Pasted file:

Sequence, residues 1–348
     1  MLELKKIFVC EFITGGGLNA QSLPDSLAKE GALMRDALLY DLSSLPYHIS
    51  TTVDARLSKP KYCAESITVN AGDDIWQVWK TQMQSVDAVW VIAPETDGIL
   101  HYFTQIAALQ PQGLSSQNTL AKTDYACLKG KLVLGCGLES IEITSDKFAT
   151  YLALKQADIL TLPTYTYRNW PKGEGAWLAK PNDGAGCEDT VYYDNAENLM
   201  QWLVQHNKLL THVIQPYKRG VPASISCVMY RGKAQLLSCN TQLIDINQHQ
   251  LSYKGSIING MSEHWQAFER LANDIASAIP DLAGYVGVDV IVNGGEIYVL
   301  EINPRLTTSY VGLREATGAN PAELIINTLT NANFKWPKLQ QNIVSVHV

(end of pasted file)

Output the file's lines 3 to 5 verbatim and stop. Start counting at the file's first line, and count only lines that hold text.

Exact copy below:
    51  TTVDARLSKP KYCAESITVN AGDDIWQVWK TQMQSVDAVW VIAPETDGIL
   101  HYFTQIAALQ PQGLSSQNTL AKTDYACLKG KLVLGCGLES IEITSDKFAT
   151  YLALKQADIL TLPTYTYRNW PKGEGAWLAK PNDGAGCEDT VYYDNAENLM